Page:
The Fantasy Kingdom Comes to Central Florida
Walt Disney World opened in 1971 with the Magic Kingdom Park. Soon three more theme parks followed focusing on technology, the movies, and the world of animals.
It’s hard to imagine central Florida without Walt Disney World but before Disney left his mark the area was mostly agricultural. The Magic Kingdom was the first of the theme parks, followed by Epcot, the Disney Studios, and the Animal Kingdom. Each park focused on a different theme such as technology, the movies, and the world of animals.
Disney World Theme Parks
Many first time visitors to Disney World Orlando don’t realize there are four main parks on the immediate campus. How do you know what to expect at each one? Is one better for younger children than others? Are there special events you don’t want to miss at a particular park? Answering questions like these can make your vacation more enjoyable and relaxing.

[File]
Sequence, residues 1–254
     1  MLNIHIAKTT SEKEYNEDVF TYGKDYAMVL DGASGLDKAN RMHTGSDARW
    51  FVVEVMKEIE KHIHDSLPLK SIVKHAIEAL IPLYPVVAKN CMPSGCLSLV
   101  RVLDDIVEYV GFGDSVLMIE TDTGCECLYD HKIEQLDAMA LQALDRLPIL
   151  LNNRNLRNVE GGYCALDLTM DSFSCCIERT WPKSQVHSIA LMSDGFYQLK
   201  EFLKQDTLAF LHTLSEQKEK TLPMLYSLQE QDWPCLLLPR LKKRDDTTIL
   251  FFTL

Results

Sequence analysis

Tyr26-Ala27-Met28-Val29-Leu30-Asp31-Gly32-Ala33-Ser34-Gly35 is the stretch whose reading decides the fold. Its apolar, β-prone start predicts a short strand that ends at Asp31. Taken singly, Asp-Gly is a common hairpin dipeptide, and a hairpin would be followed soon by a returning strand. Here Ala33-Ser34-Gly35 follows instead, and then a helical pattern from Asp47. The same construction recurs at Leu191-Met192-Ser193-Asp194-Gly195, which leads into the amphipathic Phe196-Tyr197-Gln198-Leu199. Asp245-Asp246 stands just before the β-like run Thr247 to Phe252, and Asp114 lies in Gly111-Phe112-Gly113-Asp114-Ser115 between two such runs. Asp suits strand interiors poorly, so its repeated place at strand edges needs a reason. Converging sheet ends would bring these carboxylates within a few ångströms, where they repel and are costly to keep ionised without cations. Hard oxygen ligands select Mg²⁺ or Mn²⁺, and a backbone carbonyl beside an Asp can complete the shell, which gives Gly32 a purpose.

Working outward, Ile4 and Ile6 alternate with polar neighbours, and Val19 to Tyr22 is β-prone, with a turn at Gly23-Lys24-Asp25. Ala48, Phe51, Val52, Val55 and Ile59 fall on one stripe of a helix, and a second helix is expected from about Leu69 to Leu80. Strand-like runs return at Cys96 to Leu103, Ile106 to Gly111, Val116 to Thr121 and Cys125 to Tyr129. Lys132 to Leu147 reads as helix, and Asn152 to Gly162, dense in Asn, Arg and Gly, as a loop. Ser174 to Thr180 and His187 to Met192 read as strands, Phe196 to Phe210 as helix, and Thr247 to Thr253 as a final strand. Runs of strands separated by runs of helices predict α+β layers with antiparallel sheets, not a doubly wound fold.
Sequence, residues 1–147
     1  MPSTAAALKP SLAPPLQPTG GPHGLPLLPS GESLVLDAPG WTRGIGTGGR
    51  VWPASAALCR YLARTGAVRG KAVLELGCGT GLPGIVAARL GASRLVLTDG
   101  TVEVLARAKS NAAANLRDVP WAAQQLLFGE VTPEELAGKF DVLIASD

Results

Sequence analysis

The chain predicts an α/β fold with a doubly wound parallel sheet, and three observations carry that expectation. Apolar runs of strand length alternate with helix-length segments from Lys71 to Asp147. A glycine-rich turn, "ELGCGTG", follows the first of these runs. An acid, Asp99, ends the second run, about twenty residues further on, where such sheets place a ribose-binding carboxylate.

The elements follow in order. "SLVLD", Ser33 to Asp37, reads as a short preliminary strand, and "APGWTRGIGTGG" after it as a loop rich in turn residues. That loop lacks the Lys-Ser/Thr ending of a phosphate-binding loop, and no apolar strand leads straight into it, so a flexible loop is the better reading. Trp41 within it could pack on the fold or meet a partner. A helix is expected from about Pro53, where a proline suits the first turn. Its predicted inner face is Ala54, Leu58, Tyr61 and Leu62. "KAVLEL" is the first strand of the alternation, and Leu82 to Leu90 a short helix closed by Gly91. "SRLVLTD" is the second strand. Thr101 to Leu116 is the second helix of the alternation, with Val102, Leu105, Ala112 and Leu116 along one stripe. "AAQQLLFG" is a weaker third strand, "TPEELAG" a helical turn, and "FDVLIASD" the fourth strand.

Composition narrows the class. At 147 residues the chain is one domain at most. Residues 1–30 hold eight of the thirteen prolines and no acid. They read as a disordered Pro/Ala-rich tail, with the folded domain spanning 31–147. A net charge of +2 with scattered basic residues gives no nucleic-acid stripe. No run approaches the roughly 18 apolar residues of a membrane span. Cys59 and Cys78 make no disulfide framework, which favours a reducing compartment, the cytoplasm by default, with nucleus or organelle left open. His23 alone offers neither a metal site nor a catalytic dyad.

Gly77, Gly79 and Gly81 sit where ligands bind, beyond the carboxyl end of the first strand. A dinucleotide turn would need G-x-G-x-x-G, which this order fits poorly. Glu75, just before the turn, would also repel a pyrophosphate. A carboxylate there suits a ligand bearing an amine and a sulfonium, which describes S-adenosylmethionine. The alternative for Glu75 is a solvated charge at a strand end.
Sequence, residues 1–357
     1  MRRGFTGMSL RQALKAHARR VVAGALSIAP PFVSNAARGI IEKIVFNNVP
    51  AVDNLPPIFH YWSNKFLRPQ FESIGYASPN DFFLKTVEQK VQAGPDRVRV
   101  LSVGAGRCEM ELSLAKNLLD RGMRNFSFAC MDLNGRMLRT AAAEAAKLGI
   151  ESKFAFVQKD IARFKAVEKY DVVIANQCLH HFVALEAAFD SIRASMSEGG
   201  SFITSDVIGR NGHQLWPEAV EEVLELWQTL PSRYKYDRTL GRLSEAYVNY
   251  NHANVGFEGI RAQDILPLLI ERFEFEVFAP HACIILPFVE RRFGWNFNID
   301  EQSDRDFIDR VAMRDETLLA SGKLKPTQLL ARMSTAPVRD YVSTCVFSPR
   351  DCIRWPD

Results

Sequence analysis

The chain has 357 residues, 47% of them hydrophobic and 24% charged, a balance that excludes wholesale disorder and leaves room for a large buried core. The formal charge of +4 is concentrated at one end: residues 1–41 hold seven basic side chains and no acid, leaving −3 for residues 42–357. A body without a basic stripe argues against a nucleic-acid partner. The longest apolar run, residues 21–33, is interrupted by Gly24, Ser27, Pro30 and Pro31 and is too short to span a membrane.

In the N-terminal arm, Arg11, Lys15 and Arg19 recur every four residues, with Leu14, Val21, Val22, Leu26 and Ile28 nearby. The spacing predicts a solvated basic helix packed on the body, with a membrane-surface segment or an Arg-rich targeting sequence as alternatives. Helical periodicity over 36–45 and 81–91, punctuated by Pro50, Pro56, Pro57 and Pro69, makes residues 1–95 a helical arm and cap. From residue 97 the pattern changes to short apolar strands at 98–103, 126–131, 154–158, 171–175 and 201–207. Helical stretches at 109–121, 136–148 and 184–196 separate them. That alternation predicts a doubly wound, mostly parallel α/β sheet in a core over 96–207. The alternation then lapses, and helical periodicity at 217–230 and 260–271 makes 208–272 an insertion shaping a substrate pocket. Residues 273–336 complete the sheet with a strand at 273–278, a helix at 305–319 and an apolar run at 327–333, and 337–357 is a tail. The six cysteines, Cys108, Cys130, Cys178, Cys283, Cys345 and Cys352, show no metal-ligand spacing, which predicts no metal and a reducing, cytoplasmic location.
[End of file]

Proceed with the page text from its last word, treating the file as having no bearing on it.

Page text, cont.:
The Happiest Place on Earth Expands Eastward
After Disneyland opened on the west coast in 1955, Walt Disney was anxious to expand his growing empire. His sights were set on creating a “Disneyland east” and he found his location in the heart of central Florida in between two major highways, making it easier for tourists to visit. Walt was grateful for his blessing of size in contrast to the now congested area surrounding Disneyland in Anaheim. This gave him more control of space regulations for the “Florida Project.” He did not want the real world to loom its head over the walls of fantasy. Sadly, Walt was never able to see his project come to fruition. He passed away on December 15th, 1966 leaving a large hole in the company he helped create. Walt’s brother, Roy O. Disney, took it upon himself to continue the project and built it in his brother’s honor.
The Magic Kingdom
The Magic Kingdom opened to the public on October 1st, 1971 marking the completion of the first stage of Walt’s Florida Project. Like his brother before him, Roy Disney read the dedication at the official park opening on October 25th: “Walt Disney World is a tribute to the philosophy and life of Walter Elias Disney…May Walt Disney World bring Joy and Inspiration and New Knowledge to all who come to this happy place…Dedicated this 25th day of October 1971.”